·      *The binding rules in (1) and (2) also effectively derive a class of principle C effects given the background assumption that reflexives and pronouns morphologically obscure an underlying copy of the antecedent.[6] The derivation, however, is not particularly deep.  By stipulation, the rules retain the higher copies and morphologically reshape the lower ones into pronouns and reflexives. This has the effect of blocking the derivation of sentences like Himself kissed Bill, He thinks that John is tall, and (if the rules are ordered before WH-movement (aka Question formation) Who1 did he say t1 left. There are two noteworthy features of this account of principle C effects. First, as noted it is not deep for there is no reason for why the rules could not have been stated so that the higher copy (optionally) gets morphologically transmogrified. Were this possible all the indicated unacceptable sentences would be fully grammatically generated.  Second, this version of principle C effects only holds for bound anaphors. It does not extend to co-referential dependencies, which fall outside the purview of this version of the binding theory.  This is not, in itself a bad thing. As has been noted, there are well known “exceptions” to principle C where co-reference is tolerated. On the LK account, this is to be expected.[7]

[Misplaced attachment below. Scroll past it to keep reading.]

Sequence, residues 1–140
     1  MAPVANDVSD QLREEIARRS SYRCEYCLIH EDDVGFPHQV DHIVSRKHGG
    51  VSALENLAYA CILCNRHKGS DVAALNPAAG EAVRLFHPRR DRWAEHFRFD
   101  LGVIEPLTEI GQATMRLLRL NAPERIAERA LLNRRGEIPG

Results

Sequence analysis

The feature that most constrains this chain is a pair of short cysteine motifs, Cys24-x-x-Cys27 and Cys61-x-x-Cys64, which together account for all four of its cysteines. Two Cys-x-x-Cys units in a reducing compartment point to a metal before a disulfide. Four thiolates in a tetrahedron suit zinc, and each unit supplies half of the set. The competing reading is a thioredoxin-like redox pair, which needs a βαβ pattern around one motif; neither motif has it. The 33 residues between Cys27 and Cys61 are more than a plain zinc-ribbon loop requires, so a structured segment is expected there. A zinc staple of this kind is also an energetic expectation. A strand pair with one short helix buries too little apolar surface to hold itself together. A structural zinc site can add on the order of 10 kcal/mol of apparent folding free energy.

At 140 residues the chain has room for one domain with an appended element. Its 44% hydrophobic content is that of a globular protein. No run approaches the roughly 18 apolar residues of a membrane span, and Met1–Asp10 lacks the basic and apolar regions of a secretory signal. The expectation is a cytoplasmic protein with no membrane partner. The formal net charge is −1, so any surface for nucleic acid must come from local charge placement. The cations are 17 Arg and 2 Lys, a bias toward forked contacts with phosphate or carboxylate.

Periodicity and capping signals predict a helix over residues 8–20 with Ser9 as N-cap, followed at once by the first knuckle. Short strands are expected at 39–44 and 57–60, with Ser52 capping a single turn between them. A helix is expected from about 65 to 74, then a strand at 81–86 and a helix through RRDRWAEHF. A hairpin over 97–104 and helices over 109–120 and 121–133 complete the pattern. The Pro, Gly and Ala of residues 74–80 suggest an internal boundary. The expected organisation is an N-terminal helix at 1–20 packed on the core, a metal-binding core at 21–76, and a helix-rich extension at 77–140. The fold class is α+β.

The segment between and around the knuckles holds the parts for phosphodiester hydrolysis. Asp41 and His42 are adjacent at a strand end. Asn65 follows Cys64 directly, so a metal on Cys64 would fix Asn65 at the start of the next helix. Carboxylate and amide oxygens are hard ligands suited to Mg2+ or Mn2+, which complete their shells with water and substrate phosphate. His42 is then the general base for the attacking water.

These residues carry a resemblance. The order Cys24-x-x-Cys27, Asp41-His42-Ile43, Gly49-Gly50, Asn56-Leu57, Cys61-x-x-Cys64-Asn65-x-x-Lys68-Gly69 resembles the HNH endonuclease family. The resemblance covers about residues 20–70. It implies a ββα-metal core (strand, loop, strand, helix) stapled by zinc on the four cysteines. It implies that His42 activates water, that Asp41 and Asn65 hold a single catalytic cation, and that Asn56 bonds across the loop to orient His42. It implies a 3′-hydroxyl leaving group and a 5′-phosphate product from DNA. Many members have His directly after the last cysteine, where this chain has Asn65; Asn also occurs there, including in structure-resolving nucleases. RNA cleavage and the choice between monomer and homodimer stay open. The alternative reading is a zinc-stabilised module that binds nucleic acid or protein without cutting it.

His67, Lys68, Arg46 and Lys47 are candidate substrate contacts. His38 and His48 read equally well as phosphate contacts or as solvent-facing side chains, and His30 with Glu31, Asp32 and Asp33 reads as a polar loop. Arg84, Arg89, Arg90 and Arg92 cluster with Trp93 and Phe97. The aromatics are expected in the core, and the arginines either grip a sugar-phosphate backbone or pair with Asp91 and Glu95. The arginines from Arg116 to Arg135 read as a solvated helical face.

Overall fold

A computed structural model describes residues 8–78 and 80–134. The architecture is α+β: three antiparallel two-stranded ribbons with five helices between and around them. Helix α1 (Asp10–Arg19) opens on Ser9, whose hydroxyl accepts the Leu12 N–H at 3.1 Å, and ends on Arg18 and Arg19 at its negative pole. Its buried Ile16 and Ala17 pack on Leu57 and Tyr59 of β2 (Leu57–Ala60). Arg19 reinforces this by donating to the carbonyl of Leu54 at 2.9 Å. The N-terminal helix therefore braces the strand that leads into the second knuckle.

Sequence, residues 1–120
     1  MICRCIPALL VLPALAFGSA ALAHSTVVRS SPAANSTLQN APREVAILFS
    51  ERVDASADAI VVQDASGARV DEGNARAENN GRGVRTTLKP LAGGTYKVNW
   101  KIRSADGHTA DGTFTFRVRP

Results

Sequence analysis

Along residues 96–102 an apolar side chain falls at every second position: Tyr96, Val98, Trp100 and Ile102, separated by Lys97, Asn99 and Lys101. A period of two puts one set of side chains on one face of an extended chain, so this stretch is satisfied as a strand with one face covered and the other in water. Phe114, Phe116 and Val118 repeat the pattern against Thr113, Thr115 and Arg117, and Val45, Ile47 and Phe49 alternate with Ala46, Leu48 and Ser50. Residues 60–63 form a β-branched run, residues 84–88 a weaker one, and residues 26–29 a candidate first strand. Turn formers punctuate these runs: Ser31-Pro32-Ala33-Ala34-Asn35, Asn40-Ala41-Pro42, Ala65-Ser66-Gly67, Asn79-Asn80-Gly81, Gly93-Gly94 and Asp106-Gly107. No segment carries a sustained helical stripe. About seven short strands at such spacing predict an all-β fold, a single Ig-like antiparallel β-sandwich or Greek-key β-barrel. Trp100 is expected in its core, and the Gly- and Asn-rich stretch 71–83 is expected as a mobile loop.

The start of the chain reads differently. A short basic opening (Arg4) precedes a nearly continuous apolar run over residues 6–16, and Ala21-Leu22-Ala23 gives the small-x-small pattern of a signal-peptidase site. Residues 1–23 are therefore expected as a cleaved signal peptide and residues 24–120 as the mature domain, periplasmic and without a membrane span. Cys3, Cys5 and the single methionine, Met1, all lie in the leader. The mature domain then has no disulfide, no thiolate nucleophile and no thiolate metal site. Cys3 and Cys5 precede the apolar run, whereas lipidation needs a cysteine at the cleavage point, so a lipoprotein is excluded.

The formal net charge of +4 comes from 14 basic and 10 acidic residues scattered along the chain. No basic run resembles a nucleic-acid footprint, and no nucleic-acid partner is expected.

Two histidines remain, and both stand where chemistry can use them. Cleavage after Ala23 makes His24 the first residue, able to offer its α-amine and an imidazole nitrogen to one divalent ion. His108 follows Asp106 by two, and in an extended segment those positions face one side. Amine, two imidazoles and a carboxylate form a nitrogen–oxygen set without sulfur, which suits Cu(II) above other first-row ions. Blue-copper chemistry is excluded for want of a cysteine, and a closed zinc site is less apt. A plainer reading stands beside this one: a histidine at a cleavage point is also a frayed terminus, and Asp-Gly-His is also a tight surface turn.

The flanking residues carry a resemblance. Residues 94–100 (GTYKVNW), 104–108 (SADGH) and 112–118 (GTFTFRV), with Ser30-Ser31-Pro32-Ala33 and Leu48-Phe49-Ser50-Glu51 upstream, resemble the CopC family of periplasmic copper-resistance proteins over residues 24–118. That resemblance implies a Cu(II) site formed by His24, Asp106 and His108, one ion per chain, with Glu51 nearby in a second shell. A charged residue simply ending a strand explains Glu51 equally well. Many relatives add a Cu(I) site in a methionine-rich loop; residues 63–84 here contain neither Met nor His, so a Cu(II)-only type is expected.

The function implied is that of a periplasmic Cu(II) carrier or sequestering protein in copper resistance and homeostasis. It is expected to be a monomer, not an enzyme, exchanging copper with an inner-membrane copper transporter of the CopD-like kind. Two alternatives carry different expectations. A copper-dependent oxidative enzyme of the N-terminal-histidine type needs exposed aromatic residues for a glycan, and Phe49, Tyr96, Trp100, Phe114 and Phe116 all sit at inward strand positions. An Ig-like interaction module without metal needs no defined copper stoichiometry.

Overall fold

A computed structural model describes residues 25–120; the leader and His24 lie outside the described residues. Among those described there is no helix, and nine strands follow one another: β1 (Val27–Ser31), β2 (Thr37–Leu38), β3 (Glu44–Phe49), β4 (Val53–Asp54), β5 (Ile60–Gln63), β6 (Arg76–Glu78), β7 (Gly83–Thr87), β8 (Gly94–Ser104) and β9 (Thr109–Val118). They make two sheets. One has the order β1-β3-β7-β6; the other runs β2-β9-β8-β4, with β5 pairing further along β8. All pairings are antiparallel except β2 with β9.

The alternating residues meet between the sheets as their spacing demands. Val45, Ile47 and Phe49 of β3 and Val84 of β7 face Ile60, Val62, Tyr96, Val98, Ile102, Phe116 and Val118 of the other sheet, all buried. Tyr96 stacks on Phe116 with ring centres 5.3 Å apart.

In sum: for LK the syntax outputs antecedent-anaphor dependencies. This is explicitly and directly coded in the relevant binding rules.  The proposal has two central features: an economy condition in the guise of the preference for reflexivization over pronominalization and a distinction between formatives that enter derivations via rules like Lexical Insertion (e.g. words like cat, dog, the, this, deictic pronouns, etc.) and those that are the morphological by-products of rules of grammar (e.g. words like himself and certain bound hims that are morphological residues of established anaphoric dependencies).